Can Diet and Supplements Treat BPH (Enlarged Prostate)?


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Treatment of BPH, or treatment for benign prostatic hyperplasia (an enlarged prostate), often includes drugs and medical procedures. However, a new review has cast a focus on diet and supplements for BPH treatment as a way to reduce lower urinary tract symptoms (LUTS) associated with the disease. This article provides an opportunity to not only explore the review’s findings but also to examine diet and supplement suggestions for BPH treatment and prevention.

New BPH treatment review

The new BPH treatment review, authored by Dr. Geovanni Espinosa, director of the Integrative Urological Center, New York University Langone Medical Center, emphasizes the role of nutrition in BPH. Espinosa explains that dietary changes and supplements can be used as the main approach or along with drugs for BPH or procedures to relieve symptoms in men with BPH and LUTS.

Here’s a brief overview of the findings based on an evaluation of numerous research studies:

  • Animal protein is more strongly associated with BPH symptoms than is plant protein. Therefore, men are encouraged to chose all or most of their protein choices from plants (e.g., beans, lentils, fermented soy, quinoa) and a lesser amount from cold-water fish such as salmon and herring.
  • Vegetables can help prevent BPH. Men who participated in the Prostate Cancer Prevention Trial had a significantly lower risk of BPH if they ate at least four servings of vegetables per day when compared with men who ate less than one serving daily.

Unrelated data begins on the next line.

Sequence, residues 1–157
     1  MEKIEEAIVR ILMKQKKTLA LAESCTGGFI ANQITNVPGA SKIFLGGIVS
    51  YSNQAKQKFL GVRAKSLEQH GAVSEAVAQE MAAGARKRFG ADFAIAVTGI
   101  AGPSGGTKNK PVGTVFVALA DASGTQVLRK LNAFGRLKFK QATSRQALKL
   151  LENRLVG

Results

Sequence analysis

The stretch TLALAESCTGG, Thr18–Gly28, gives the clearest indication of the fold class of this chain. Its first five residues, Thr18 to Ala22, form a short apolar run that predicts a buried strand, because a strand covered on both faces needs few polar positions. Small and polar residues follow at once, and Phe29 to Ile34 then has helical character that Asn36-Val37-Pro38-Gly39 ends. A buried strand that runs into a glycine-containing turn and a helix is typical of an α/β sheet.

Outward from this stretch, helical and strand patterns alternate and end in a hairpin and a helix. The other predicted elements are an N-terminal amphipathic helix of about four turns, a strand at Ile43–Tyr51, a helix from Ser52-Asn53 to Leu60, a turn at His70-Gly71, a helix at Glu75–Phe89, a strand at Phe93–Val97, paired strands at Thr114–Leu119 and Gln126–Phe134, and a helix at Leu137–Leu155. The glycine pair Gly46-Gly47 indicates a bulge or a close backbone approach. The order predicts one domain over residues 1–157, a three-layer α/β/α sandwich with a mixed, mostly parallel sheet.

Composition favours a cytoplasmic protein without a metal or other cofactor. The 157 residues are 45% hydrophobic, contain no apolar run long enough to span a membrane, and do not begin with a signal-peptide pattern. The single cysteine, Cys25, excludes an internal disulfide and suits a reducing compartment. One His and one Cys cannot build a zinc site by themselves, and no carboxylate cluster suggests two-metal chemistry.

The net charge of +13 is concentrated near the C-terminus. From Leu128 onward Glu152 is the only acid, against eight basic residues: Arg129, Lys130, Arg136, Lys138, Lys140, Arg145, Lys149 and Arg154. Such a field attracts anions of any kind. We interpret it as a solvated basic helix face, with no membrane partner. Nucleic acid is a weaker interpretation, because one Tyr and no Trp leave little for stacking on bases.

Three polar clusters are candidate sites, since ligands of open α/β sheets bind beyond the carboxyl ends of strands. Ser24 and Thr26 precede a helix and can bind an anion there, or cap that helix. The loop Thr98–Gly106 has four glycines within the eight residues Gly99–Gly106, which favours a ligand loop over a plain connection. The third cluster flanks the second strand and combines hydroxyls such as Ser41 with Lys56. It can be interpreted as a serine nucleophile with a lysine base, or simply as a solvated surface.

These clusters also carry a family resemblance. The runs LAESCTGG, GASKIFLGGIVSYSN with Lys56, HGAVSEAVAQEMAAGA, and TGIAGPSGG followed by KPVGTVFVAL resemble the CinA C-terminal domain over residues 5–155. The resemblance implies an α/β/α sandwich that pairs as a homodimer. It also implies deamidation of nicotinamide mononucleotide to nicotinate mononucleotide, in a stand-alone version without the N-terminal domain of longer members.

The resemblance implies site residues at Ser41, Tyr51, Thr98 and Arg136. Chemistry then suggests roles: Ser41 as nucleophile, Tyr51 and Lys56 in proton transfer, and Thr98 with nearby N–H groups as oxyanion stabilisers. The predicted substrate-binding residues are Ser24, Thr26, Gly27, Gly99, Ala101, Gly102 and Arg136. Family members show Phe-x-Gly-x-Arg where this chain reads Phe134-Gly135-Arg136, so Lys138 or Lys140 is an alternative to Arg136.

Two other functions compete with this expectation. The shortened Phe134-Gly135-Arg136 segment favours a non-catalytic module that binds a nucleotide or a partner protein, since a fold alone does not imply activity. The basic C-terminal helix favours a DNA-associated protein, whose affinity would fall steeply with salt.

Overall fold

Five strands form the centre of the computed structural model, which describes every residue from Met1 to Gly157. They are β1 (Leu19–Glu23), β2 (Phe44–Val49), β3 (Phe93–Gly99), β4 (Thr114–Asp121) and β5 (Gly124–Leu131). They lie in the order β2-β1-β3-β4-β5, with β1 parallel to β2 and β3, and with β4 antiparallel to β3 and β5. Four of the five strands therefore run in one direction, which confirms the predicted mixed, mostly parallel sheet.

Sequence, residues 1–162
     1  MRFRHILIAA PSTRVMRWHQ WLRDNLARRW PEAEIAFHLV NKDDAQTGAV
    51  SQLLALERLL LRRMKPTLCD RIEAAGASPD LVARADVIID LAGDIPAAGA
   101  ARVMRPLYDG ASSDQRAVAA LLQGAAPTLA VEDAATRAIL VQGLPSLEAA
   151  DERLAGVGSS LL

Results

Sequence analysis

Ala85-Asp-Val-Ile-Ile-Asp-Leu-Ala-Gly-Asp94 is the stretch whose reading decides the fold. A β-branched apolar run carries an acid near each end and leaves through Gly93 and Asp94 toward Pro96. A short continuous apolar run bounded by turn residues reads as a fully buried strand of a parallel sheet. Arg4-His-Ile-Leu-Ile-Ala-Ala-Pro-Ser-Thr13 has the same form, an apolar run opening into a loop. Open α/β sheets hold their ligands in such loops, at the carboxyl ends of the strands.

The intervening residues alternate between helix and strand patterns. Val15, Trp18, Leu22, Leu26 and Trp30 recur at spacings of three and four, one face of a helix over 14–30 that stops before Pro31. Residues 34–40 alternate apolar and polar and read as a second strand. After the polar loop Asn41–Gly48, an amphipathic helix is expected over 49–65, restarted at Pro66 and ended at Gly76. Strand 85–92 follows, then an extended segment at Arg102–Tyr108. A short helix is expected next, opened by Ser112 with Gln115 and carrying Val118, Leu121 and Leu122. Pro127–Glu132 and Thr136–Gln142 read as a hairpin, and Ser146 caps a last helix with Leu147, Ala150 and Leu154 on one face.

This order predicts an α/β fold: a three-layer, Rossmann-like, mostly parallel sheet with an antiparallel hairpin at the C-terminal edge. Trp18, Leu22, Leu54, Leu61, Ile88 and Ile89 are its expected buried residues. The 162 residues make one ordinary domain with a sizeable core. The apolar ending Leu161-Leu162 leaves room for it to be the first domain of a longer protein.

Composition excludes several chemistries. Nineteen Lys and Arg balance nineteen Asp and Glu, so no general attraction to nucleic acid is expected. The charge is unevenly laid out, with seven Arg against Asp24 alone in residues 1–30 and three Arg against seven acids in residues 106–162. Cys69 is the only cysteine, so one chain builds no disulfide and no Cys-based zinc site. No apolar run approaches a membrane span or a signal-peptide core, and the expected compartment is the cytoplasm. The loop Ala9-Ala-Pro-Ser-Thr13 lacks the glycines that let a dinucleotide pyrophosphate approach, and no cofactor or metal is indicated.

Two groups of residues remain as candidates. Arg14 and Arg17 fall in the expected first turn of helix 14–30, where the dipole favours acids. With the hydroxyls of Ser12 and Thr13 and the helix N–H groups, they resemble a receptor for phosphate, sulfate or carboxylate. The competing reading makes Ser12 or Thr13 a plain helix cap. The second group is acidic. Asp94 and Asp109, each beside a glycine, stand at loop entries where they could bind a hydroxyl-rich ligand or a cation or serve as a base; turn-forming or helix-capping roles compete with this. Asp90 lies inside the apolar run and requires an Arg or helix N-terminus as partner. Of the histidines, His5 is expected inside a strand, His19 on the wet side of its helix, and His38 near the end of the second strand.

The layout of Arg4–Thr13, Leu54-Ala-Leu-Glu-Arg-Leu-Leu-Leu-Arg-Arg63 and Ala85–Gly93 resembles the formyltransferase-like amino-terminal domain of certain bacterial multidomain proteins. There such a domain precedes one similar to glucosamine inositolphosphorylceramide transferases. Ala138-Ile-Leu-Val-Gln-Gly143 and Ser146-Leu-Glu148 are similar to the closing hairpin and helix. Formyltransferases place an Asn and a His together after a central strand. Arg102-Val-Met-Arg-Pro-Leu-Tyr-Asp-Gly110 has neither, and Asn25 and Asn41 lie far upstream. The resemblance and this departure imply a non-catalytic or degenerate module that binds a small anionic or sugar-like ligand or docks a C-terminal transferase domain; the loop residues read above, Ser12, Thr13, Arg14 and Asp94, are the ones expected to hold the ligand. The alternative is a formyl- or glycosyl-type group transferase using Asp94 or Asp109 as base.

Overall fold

• Combining a plant-based diet with exercise provides added protection.  A study in The Physician and Sportsmedicine reported that daily aerobic exercise, combined with a low-fat, high-fiber diet rich in plant foods can reduce risk factors for BPH.
  • It’s best to stay away from starches, especially white bread, white pasta, and white rice. A study of more than 1,300 men with BPH compared with controls found a direct relationship between eating starches and BPH. Eating starches may also lead to an increase in glycemic factors believed to stimulate the development of BPH.

BPH treatment and supplements

A number of natural nutritional and herbal supplements have been studied as BPH treatment options. Here is a summary of some of those supplements and their benefits.

  • Beta-sitosterol: This cholesterol-like substance may help relieve BPH symptoms. A review of more than 500 men with BPH and use of beta-sitosterol found that beta-sitosterol improved urinary symptoms. (Wilt 1999)
  • Cernilton (pollen extract): Cernilton is an extract from rye grass pollen and a supplement that has proved helpful in improving BPH symptoms. One study showed that more than three-quarters of men with BPH who took cernilton experienced a significant improvement in BPH symptoms. (Dutkiewicz 1996)
  • Cranberry: The phytonutrients in cranberry help prevent the development of urinary tract infections. This benefit may make cranberry useful in BPH treatment.
  • Curcumin: The spice turmeric is the source of the compound curcumin. This powerful antioxidant has been shown to reduce pro-inflammatory factors, which in turn relieves inflammation. (Zhang 2010)
  • Diindolylmethane (DIM): At least one research study has suggested that BPH symptoms in older men may respond to supplementation with DIM. (Zeligs)
  • Green tea: Potent antioxidants called catechins found in green tea, and especially epigallocatechin-3-gallate (EGCG), have been shown to help with BPH treatment, boost the immune system, and destroy bacteria and viruses. Catechins also appear to reduce levels of dihydrotestosterone (DHT), a hormone that promotes development of BPH.